On 23 December, WFP erected three additional semi-permanent storage units with a combined capacity of 1,200 MT at the new, WFP storage and transit site in Koboko. By mid-January, WFP estimates that it will have six semi-permanent storage units in Koboko with a total capacity of 2,400 MT. This will allow WFP to store all food destined for the Koboko road corridor in one location, namely Koboko, rather than the current set-up where the food is divided up between storage sites in Mombasa (Kenya) and Tororo and Kampala in Uganda. After January, WFP would therefore close its "old" warehouse site rented from the Ugandan Red Cross, and only use the new storage and transit site located two kilometres from the WFP offices.
Over 25 WFP field staff working in the Upper Nile and Jonglei regions (Southern Sector) participated in a two-day programme and logistics review and planning workshop in Lokichoggio from 19-20 December 1999. Topics covered include post-distribution monitoring formats to be used in 2000, population assessment techniques, gender issues in food distribution, WFP's strategy for 2000, food-for-work and participatory rapid appraisal techniques.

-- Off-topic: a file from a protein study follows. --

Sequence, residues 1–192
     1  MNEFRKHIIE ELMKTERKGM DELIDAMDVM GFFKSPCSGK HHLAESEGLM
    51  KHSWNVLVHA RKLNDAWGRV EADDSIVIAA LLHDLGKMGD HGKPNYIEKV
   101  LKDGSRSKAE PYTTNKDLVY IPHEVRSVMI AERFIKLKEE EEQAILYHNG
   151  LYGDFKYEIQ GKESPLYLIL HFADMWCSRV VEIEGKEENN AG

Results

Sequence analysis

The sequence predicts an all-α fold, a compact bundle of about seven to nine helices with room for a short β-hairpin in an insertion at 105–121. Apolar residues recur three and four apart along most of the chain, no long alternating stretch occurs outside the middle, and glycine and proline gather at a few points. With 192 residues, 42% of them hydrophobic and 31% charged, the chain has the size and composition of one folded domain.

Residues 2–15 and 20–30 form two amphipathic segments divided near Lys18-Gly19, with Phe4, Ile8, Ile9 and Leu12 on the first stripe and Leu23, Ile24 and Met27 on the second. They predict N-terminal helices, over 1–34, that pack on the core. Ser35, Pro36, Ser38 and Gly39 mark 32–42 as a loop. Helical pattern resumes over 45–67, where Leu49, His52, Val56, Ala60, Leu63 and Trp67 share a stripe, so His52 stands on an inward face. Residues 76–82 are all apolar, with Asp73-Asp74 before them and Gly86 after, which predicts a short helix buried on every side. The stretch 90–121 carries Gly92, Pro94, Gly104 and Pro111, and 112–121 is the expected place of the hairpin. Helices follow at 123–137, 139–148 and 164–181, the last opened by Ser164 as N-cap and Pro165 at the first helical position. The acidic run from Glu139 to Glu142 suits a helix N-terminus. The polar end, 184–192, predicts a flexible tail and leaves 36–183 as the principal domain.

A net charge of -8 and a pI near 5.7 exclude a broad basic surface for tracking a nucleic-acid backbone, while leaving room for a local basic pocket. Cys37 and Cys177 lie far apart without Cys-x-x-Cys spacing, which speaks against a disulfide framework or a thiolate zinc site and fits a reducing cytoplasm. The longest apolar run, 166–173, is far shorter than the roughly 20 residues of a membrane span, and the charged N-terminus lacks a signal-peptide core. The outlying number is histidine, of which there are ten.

7. OTHER ISSUES
Indigenous Wild Food Plants
WFP, in conjunction with USAID and CRS, is planning a series of workshops in 2000 to train around 450 NGO field staff, counterparts and local populations on "indigenous plant foods, their use and potential". Workshops are planned for Twic, Rumbek and Gogrial counties (Bahr el Ghazal) in January, in Aweil East and West and Wau counties (Bahr el Ghazal) in February and in other areas such as Bor County, Jonglei and Upper Nile in later months. The workshops aim to inform the participants about key, existing resource materials on this topic, and impart practical tools to collect information on wild food plants, use existing baseline information and identify links with their humanitarian assistance programmes. The workshops will have a strong participatory focus with practical data collection exercises, brainstorming and feed-back to the local communities. The workshops will concentrate on the wild foods specific to the particular location where the workshop is being held. The series of workshops will later be reviewed to draw out possible lessons for policy-making.